(d) Treatment of State Benefit Mandates- Insofar as a State requires a health insurance issuer offering health insurance coverage to include benefits beyond the essential benefits package, such requirement shall continue to apply to an Exchange-participating health benefits plan, if the State has entered into an arrangement satisfactory to the Commissioner to reimburse the Commissioner for the amount of any net increase in affordability premium credits under subtitle C as a result of an increase in premium in basic plans as a result of application of such requirement.

Some of these may be good ideas, some may not. But I don’t see how any of them are necessary if the goal is simply to be sure everyone has some kind of health insurance. If that’s all that was wanted there are much simpler ways to achieve that. My plan to let anyone who wants enroll in FEHP with subsidies for those who need them. Alternatively, let everyone who wants to enroll in Medicaid but charge a premium to those who can afford it. Simplest of all, the idea I read somewhere that we give those below a certain income level debit cards and let them pick their own insurance. Even doing what Peter Singer suggests is simpler than HR3200:

This would mean extending Medicare to the entire population, irrespective of age, but without Medicare’s current policy that allows doctors wide latitude in prescribing treatments for eligible patients. Instead, Medicare for All, as we might call it, should refuse to pay where the cost per QALY is extremely high. (On the other hand, Medicare for All would not require more than a token copayment for drugs that are cost-effective.) The extension of Medicare could be financed by a small income-tax levy, for those who pay income tax — in Australia the levy is 1.5 percent of taxable income. (There’s an extra 1 percent surcharge for those with high incomes and no private insurance. Those who earn too little to pay income tax would be carried at no cost to themselves.) Those who want to be sure of receiving every treatment that their own privately chosen physicians recommend, regardless of cost, would be free to opt out of Medicare for All as long as they can demonstrate that they have sufficient private health insurance to avoid becoming a burden on the community if they fall ill. Alternatively, they might remain in Medicare for All but take out supplementary insurance for health care that Medicare for All does not cover.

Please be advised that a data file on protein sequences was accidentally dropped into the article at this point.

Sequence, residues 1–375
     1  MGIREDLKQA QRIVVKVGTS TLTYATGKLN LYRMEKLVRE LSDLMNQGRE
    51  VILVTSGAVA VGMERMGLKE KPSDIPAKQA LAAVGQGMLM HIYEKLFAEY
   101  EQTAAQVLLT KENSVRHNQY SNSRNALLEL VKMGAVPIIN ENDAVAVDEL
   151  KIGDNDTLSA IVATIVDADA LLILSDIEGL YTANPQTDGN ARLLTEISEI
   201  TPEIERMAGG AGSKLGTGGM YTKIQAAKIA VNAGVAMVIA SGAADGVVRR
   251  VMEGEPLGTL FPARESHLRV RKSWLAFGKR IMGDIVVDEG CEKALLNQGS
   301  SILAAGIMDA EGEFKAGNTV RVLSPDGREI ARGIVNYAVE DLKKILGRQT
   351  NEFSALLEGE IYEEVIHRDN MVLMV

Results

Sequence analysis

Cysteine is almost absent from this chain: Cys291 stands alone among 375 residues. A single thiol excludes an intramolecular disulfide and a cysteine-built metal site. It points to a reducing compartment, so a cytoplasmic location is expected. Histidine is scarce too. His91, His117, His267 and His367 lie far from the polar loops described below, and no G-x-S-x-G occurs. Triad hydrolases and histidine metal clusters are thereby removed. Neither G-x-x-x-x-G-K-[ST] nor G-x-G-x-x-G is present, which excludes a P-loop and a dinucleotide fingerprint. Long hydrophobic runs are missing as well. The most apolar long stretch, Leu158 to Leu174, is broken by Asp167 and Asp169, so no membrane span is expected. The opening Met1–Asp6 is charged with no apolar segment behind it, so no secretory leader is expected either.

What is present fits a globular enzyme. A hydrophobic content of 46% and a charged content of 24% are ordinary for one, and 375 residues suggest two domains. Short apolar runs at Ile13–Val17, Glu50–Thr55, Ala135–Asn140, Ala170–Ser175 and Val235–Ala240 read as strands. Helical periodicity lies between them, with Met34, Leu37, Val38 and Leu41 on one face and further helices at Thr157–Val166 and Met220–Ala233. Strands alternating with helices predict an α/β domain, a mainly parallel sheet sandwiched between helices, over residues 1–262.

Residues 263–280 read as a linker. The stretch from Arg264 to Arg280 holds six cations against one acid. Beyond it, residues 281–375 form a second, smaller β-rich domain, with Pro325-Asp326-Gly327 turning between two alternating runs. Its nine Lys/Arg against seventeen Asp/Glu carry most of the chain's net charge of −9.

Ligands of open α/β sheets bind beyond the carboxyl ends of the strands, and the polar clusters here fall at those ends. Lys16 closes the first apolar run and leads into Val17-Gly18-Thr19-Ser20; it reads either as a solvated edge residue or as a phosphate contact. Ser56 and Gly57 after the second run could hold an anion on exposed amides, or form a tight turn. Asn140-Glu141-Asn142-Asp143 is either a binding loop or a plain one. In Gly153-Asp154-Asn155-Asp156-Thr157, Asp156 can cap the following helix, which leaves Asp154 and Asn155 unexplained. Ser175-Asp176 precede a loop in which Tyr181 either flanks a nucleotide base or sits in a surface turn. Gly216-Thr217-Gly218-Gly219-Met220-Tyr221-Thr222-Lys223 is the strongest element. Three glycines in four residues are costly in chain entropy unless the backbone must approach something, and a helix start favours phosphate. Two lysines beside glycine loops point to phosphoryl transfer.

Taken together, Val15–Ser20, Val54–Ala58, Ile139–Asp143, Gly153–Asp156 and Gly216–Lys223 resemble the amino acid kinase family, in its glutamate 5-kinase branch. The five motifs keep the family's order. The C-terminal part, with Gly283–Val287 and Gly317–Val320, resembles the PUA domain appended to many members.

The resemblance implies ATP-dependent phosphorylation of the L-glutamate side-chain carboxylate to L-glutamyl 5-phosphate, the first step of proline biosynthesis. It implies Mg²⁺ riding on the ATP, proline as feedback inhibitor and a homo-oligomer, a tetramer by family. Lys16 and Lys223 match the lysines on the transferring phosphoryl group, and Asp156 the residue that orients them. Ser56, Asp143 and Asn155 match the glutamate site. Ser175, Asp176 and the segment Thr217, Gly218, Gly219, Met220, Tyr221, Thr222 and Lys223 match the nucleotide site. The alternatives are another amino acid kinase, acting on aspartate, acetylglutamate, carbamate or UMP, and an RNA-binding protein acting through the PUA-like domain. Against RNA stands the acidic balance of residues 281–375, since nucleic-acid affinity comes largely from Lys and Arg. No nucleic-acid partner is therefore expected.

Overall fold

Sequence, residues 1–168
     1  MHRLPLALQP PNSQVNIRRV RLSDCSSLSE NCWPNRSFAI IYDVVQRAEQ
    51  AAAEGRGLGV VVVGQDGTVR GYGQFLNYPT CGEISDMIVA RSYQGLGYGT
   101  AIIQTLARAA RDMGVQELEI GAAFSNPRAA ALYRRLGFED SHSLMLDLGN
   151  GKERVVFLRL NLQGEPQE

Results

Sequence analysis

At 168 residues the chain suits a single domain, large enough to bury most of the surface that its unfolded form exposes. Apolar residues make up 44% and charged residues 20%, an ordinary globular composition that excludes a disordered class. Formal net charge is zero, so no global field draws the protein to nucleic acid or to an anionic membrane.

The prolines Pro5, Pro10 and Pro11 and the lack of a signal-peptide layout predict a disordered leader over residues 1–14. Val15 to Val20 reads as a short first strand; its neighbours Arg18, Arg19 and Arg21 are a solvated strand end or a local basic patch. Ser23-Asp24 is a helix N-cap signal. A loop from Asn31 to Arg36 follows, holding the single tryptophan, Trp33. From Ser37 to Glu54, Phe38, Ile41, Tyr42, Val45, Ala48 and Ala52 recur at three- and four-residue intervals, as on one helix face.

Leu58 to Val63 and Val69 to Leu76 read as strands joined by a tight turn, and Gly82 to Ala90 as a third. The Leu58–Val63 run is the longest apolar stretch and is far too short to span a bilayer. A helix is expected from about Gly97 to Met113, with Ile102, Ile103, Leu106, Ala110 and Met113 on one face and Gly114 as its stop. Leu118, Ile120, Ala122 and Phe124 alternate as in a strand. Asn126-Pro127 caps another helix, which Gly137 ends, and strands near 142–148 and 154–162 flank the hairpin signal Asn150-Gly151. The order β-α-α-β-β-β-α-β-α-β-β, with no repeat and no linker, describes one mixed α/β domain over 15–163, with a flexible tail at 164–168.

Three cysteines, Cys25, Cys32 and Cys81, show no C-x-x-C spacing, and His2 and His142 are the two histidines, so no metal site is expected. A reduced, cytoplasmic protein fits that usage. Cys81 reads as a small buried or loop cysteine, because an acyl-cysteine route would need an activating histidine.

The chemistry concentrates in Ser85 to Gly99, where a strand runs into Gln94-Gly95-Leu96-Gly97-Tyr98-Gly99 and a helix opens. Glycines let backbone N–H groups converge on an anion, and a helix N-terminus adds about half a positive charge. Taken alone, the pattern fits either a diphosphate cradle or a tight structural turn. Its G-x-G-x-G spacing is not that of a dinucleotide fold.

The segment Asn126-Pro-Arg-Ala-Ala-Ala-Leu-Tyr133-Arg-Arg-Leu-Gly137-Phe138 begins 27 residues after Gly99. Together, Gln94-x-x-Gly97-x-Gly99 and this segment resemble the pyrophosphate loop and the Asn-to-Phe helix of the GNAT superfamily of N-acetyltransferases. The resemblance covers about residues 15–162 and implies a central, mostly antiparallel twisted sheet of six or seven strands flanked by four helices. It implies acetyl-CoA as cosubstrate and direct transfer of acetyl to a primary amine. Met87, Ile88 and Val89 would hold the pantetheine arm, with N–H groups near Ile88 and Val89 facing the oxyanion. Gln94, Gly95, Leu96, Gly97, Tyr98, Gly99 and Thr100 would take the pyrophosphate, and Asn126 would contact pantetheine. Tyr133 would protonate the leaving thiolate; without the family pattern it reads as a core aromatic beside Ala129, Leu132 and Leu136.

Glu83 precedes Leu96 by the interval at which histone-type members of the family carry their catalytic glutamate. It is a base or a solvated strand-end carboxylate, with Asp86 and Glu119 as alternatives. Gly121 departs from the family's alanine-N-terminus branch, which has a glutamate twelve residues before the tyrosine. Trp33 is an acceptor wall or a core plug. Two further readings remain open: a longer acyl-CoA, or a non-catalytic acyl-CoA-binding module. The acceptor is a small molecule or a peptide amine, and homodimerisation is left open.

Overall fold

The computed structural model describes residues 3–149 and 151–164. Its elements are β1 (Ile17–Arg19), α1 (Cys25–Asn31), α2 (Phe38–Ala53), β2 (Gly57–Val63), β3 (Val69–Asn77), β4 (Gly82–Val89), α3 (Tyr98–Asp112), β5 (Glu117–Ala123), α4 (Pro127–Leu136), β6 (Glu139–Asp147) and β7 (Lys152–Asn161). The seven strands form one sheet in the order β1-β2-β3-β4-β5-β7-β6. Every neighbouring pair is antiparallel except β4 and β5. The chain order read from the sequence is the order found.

Everyone would have some coverage but those who wanted and could afford it could have better coverage - or simply different coverage. So long as the government did not use Medicare for All payment rates to drive doctors out of business - and limiting which procedures it would pay for should ease the pressure to do that - private insurance would continue to be available. Yes, there are a lot of problems with Singer’s article but the plan he’s suggesting is simple and doesn’t make the government the only game in town. A great improvement over what HR3200 appears to be.